over in half a minute. No one saw it but Bensington. He could hear the
others behind him still receding towards the house. He shouted something
inarticulate and then ran back towards Cossar, while the rats vanished.
He came up to him outside the holes. In the moonlight the distribution
of shadows that constituted Cossar's visage intimated calm. "Hullo,"
said Cossar, "back already? Where's the lamps? They're all back now in
their holes. One I broke the neck of as it ran past me ... See? There!"
And he pointed a gaunt finger.

Bensington was too astonished for conversation ...

The lamps seemed an interminable time in coming. At last they appeared,
first one unwinking luminous eye, preceded by a swaying yellow glare,
and then, winking now and then, and then shining out again, two others.
About them came little figures with little voices, and then enormous
shadows. This group made as it were a spot of inflammation upon the
gigantic dreamland of moonshine.

"Flack," said the voices. "Flack."

An illuminating sentence floated up. "Locked himself in the attic."

Cossar was continually more wonderful. He produced great handfuls of
cotton wool and stuffed them in his ears--Bensington wondered why. Then
he loaded his gun with a quarter charge of powder. Who else could have
thought of that? Wonderland culminated with the disappearance of
Cossar's twin realms of boot sole up the central hole.

Cossar was on all fours with two guns, one trailing on each side from a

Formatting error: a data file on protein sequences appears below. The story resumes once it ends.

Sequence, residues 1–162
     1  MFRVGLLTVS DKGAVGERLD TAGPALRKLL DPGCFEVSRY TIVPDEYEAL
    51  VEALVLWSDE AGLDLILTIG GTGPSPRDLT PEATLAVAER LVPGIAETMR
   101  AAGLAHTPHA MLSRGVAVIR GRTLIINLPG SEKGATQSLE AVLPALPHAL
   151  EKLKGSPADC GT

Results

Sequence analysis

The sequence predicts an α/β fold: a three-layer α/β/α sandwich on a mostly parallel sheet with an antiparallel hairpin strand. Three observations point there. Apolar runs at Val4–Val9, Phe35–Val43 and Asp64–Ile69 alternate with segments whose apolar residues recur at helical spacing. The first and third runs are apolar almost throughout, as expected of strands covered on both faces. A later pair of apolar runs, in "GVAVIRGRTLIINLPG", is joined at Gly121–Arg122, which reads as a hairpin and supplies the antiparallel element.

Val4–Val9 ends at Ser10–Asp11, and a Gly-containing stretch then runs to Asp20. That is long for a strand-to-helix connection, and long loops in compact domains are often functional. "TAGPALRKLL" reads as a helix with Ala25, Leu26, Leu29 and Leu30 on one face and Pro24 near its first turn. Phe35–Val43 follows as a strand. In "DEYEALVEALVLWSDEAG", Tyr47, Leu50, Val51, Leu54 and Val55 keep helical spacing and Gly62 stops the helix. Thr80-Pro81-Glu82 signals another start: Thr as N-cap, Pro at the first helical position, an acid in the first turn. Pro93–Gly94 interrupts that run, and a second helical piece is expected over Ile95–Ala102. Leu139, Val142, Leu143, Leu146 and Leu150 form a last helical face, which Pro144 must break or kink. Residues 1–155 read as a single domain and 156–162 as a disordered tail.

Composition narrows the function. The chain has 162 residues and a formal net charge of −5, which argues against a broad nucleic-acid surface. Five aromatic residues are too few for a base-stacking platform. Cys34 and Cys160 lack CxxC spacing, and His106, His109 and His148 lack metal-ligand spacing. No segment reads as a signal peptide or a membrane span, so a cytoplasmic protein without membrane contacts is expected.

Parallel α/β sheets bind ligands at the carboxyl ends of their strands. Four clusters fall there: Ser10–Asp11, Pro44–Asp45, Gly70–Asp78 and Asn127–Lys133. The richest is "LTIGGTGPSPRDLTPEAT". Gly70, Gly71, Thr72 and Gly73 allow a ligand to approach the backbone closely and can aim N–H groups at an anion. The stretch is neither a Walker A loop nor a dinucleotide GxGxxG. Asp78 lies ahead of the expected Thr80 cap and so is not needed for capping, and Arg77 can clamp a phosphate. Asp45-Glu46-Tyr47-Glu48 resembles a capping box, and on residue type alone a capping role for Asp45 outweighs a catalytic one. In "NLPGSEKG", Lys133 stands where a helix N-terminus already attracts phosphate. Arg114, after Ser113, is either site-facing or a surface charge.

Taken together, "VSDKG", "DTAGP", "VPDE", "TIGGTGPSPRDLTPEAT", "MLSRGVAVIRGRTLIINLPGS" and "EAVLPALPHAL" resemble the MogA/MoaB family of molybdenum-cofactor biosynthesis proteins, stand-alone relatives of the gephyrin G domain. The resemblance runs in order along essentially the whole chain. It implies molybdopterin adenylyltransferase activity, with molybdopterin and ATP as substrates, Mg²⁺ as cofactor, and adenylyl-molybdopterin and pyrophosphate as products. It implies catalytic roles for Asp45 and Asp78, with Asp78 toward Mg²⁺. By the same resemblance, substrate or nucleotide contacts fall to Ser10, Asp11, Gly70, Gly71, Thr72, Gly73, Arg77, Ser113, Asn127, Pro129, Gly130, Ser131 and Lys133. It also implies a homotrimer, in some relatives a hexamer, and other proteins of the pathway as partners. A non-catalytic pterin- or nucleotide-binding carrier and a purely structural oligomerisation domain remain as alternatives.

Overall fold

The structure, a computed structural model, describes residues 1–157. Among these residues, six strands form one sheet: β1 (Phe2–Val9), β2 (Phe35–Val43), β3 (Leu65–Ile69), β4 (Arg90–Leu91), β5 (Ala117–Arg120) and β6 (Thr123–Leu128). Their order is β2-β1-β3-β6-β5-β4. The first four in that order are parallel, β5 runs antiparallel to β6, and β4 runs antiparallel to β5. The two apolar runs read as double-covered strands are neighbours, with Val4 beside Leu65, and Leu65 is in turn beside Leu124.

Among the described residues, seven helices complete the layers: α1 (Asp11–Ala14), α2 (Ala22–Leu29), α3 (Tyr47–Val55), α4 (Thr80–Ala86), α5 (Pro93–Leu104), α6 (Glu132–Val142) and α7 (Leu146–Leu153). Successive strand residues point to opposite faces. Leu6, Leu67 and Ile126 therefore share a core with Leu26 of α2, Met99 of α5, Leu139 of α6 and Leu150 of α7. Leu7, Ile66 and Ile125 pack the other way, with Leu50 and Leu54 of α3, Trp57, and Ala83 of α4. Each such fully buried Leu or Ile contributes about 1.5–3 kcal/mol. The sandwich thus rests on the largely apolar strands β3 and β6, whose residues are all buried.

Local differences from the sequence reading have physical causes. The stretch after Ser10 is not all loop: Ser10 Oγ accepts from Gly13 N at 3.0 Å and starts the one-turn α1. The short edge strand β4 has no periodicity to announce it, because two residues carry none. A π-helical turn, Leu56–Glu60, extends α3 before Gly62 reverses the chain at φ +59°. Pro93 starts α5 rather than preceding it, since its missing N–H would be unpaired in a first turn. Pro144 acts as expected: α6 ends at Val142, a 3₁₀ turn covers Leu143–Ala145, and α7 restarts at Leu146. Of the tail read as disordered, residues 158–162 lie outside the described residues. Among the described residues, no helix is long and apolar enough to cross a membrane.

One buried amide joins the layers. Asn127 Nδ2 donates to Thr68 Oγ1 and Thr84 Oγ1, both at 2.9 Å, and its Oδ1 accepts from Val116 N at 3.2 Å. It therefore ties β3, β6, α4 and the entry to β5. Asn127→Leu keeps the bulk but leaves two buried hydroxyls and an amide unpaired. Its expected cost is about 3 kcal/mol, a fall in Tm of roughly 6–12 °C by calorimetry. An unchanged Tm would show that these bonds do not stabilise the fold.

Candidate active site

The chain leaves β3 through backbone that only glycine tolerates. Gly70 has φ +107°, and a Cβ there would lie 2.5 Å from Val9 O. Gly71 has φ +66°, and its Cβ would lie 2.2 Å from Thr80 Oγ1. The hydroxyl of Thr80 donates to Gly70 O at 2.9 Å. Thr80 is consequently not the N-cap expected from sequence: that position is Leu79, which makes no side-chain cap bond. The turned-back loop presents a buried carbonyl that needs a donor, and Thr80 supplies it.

string under his chin, and his most trusted assistant, a little dark man
with a grave face, was to go in stooping behind him, holding a lantern
over his head. Everything had been made as sane and obvious and proper
as a lunatic's dream. The wool, it seems, was on account of the
concussion of the rifle; the man had some too. Obviously! So long as
the rats turned tail on Cossar no harm could come to him, and directly
they headed for him he would see their eyes and fire between them. Since
they would have to come down the cylinder of the hole, Cossar could
hardly fail to hit them. It was, Cossar insisted, the obvious method, a
little tedious perhaps, but absolutely certain. As the assistant stooped
to enter, Bensington saw that the end of a ball of twine had been tied
to the tail of his coat. By this he was to draw in the rope if it should
be needed to drag out the bodies of the rats.

Bensington perceived that the object he held in his hand was Cossar's
silk hat.

How had it got there?

It would be something to remember him by, anyhow.

At each of the adjacent holes stood a little group with a lantern on the
ground shining up the hole, and with one man kneeling and aiming at the
round void before him, waiting for anything that might emerge.

There was an interminable suspense.

Then they heard Cossar's first shot, like an explosion in a mine....

Every one's nerves and muscles tightened at that, and bang! bang! bang!
the rats had tried a bolt, and two more were dead. Then the man who held
the ball of twine reported a twitching. "He's killed one in there," said
Bensington, "and he wants the rope."

He watched the rope creep into the hole, and it seemed as though it had
become animated by a serpentine intelligence--for the darkness made the
twine invisible. At last it stopped crawling, and there was a long